Thursday, April 26, 2007

Psalm 95 & 96

Read these Psalms this morning and I think they lift up God in such a great way...

Psalm 95

1 Come, let us sing for joy to the LORD; let us shout aloud to the Rock of our salvation.

2 Let us come before him with thanksgiving and extol him with music and song.

3 For the LORD is the great God, the great King above all gods.

4 In his hand are the depths of the earth, and the mountain peaks belong to him.

5 The sea is his, for he made it, and his hands formed the dry land.

6 Come, let us bow down in worship, let us kneel before the LORD our Maker;

7 for he is our God and we are the people of his pasture, the flock under his care. Today, if you hear his voice,

8 do not harden your hearts as you did at Meribah, as you did that day at Massah in the desert,

9 where your fathers tested and tried me, though they had seen what I did.

10 For forty years I was angry with that generation; I said, "They are a people whose hearts go astray, and they have not known my ways."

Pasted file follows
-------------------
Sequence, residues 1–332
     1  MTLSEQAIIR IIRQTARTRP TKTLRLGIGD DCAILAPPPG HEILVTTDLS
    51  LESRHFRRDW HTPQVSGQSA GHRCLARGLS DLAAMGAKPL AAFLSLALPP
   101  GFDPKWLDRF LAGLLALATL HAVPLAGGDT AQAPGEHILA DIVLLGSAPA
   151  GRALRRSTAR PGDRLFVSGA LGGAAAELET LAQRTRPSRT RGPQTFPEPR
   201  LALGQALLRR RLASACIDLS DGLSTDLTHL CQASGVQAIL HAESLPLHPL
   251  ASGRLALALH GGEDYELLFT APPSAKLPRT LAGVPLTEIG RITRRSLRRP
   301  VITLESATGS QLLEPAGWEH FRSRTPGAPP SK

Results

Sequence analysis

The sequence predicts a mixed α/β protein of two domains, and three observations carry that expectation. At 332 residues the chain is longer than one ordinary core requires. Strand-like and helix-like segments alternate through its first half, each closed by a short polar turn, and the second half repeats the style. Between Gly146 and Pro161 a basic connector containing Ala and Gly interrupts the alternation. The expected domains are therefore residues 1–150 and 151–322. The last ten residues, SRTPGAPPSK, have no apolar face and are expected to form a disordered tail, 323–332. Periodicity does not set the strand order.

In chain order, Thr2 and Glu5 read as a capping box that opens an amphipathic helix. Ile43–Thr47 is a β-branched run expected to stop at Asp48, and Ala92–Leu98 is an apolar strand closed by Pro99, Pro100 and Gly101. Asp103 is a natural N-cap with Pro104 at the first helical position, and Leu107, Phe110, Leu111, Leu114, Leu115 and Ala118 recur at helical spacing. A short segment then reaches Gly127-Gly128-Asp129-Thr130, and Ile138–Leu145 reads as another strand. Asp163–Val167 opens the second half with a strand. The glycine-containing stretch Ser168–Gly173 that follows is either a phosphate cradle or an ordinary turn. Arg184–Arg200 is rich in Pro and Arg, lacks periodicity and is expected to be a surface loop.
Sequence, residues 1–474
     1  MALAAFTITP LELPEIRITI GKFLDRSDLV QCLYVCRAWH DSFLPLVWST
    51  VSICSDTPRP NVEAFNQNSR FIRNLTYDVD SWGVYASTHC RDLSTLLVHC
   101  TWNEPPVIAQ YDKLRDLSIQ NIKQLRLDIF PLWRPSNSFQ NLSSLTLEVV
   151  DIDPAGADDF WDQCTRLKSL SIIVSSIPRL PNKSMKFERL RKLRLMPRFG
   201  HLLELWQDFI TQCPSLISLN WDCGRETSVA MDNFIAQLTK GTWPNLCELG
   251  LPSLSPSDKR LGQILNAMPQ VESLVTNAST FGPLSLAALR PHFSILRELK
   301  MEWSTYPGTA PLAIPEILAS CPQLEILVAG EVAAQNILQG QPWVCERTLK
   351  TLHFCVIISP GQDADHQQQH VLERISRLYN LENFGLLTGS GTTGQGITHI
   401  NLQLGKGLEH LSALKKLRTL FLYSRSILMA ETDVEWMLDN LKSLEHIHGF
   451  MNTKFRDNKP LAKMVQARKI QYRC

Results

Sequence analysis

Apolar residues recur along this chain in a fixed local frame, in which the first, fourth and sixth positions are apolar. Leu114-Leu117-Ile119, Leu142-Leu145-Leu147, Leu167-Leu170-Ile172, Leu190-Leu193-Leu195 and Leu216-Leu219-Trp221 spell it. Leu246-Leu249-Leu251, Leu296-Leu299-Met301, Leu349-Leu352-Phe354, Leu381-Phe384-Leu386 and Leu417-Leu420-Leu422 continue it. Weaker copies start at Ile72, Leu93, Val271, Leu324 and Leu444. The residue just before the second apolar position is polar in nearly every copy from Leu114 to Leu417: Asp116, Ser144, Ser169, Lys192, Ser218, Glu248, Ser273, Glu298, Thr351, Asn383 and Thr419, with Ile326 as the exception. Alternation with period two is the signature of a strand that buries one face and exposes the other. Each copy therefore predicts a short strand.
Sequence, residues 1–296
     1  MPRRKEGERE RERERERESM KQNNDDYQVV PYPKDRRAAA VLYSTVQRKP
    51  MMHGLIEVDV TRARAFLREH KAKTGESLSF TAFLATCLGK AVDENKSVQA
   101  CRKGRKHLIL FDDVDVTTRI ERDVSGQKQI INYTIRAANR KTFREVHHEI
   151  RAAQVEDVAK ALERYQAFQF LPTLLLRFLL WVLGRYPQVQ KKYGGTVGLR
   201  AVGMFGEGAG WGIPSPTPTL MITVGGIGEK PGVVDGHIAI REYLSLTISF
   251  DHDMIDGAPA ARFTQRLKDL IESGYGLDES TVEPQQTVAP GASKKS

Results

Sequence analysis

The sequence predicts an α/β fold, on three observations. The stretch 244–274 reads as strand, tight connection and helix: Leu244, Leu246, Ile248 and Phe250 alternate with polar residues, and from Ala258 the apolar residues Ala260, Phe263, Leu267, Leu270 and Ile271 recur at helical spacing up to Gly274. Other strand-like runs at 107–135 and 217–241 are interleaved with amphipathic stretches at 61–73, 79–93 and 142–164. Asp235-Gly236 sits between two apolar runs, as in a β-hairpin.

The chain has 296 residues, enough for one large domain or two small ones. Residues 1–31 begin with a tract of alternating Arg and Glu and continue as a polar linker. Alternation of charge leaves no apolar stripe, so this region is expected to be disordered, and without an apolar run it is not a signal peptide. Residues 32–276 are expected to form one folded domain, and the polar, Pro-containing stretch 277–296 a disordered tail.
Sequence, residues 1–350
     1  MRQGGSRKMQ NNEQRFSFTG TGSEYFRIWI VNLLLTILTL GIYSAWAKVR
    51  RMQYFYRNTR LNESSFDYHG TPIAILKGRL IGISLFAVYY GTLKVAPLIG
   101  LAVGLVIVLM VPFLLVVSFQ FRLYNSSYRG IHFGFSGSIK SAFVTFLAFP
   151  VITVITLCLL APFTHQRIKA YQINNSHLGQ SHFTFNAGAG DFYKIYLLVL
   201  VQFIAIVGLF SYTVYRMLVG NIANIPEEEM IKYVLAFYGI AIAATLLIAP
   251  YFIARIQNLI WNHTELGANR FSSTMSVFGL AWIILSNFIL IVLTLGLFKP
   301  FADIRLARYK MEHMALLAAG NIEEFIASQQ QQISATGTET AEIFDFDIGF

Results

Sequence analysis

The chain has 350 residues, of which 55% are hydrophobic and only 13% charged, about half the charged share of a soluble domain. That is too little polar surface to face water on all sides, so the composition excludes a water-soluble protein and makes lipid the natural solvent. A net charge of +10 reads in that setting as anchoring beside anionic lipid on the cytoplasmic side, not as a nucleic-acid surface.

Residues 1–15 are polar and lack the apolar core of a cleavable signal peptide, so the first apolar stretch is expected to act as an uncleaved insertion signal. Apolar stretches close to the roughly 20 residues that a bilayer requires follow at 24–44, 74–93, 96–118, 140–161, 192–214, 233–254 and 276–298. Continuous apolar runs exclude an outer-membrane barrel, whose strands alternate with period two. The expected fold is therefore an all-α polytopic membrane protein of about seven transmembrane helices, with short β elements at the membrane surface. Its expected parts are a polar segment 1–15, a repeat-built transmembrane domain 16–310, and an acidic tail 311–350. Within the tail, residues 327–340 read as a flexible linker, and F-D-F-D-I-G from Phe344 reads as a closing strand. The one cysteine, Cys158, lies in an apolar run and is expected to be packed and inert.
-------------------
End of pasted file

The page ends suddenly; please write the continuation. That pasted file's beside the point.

11 So I declared on oath in my anger, "They shall never enter my rest."

Psalm 96

1 Sing to the LORD a new song; sing to the LORD, all the earth.

2 Sing to the LORD, praise his name; proclaim his salvation day after day.

3 Declare his glory among the nations, his marvelous deeds among all peoples.

4 For great is the LORD and most worthy of praise; he is to be feared above all gods.

5 For all the gods of the nations are idols, but the LORD made the heavens.

6 Splendor and majesty are before him; strength and glory are in his sanctuary.

7 Ascribe to the LORD, O families of nations, ascribe to the LORD glory and strength.

8 Ascribe to the LORD the glory due his name; bring an offering and come into his courts.

9 Worship the LORD in the splendor of his holiness; tremble before him, all the earth.

10 Say among the nations, "The LORD reigns." The world is firmly established, it cannot be moved; he will judge the peoples with equity.

11 Let the heavens rejoice, let the earth be glad; let the sea resound, and all that is in it;

12 let the fields be jubilant, and everything in them. Then all the trees of the forest will sing for joy;

13 they will sing before the LORD, for he comes, he comes to judge the earth. He will judge the world in righteousness and the peoples in his truth.